WCW Blog

The Women Change Worlds blog of the Wellesley Centers for Women (WCW) encourages WCW scholars and colleagues to respond to current news and events; disseminate research findings, expertise, and commentary; and both pose and answer questions about issues that put women's perspectives and concerns at the center of the discussion.

Three Activities to Help Students Deepen Their Gratitude

Three Activities to Help Students Deepen Their Gratitude

This article originally appeared in Greater Good, the online magazine of the Greater Good Science Center at UC Berkeley.


classroomocIt’s one thing to teach kids to say “thank you” when they receive a gift or when someone does a favor for them. But how can we help children understand what gratitude really means, in ways that will make them more likely to feel it deeply, express it authentically, and reap its many benefits?

One way to increase kids’ gratitude is to guide them to not only acknowledge that someone else did something for them, but to also consider why the person did it, what the cost to the person was, and what benefits they have received from it. The idea is that gratitude happens when you realize that another person has intentionally done something that benefits you, especially at a cost to themselves.

This thinking process, which researchers refer to as “benefit appraisal,” highlights the interpersonal nature of gratitude and may help strengthen our relationships. In one study, elementary schoolers who were taught benefit appraisal reported more positive emotions and showed more grateful attitudes and behaviors than other students, both immediately and months later.

gratidue quoteIn partnership with the Greater Good Science Center and the John Templeton Foundation, Open Circle, an evidence-based social-emotional learning program for students in grades K-5, has added a new component based on the science of gratitude—including benefit appraisal. In addition to incorporating gratitude into their professional development workshops for educators, they developed gratitude lessons and practices for their classroom curriculum for grades 4-5.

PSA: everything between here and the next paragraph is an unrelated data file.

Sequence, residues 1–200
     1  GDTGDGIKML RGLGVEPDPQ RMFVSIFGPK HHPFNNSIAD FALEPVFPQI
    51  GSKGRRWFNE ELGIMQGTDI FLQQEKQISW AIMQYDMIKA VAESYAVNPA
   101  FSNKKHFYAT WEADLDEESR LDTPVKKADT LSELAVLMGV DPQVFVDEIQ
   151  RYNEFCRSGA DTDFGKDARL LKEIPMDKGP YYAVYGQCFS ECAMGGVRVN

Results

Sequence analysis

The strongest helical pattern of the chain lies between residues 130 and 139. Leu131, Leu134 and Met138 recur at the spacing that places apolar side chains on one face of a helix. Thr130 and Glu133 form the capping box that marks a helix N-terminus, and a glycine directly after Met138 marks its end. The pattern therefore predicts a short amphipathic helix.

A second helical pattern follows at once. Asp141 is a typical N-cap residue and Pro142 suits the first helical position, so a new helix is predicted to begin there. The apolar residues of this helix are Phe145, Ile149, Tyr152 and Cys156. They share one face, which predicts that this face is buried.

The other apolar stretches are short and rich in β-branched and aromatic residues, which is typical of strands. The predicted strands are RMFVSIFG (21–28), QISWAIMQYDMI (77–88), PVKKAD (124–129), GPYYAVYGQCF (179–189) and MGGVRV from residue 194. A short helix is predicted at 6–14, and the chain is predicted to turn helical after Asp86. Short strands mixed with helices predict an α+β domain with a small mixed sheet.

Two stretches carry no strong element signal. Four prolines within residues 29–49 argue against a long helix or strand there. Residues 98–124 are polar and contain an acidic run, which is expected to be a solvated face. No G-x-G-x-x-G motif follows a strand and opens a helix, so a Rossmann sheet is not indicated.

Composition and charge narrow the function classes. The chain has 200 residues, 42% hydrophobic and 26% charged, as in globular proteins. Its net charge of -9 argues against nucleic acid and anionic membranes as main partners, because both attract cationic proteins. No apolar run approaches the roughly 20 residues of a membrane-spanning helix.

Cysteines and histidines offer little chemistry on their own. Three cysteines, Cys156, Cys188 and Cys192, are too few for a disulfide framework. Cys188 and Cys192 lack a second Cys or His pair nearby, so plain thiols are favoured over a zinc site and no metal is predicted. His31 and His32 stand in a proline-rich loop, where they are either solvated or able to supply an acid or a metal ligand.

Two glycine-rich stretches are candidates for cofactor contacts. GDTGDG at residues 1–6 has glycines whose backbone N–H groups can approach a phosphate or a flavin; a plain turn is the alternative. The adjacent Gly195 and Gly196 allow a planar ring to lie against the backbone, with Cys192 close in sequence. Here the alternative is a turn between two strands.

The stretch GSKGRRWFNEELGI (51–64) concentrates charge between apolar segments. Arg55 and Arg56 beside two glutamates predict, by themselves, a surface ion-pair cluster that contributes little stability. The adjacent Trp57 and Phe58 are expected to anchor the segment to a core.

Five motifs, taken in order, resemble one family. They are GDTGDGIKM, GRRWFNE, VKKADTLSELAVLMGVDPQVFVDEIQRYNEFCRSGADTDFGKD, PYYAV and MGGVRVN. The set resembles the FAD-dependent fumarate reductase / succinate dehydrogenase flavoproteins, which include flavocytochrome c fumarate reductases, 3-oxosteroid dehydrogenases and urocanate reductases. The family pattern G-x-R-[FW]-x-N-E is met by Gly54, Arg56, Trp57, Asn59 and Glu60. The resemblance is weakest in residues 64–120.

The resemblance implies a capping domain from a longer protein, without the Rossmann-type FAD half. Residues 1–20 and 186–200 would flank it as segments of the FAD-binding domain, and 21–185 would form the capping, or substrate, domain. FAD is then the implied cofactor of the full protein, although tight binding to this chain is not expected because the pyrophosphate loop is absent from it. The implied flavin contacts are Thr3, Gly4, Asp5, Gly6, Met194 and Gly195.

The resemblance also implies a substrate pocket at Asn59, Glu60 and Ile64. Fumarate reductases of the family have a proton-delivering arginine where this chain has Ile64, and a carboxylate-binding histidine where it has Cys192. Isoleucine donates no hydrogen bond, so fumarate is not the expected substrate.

The pilot group of teachers who have tried the gratitude curriculum have responded very positively, reporting benefits for themselves and their students such as strengthened classroom relationships and community, higher levels of positive emotions, and more generous and compassionate action.

We are grateful to Open Circle for allowing us to share three sample activities for helping students deepen their understanding and practice of gratitude—along with insights from some of the teachers who have used them.

Click here to see the full post in Greater Good and read the three sample activities for helping students deepen their gratitude.

Emily Campbell is the research assistant for the Greater Good Science Center’s education program and a Ph.D. student in education at UC Berkeley.

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Approaching Adulthood: Assisting Youth Aging Out of Foster Care

Approaching Adulthood: Assisting Youth Aging Out of Foster Care

In 1954, the United Nations established Universal Children’s Day (November 20) to promote togetherness and children’s rights. It is a day that reminds and encourages us to work towards a better future by improving the wellbeing of children all across the globe. In recognition of Universal Children’s Day, Joan Wallace-Benjamin, president and CEO of The Home for Little Wanderers, looks at the obstacles facing children and young adults who are at risk of aging out of foster care and highlights programs that can improve their welfare.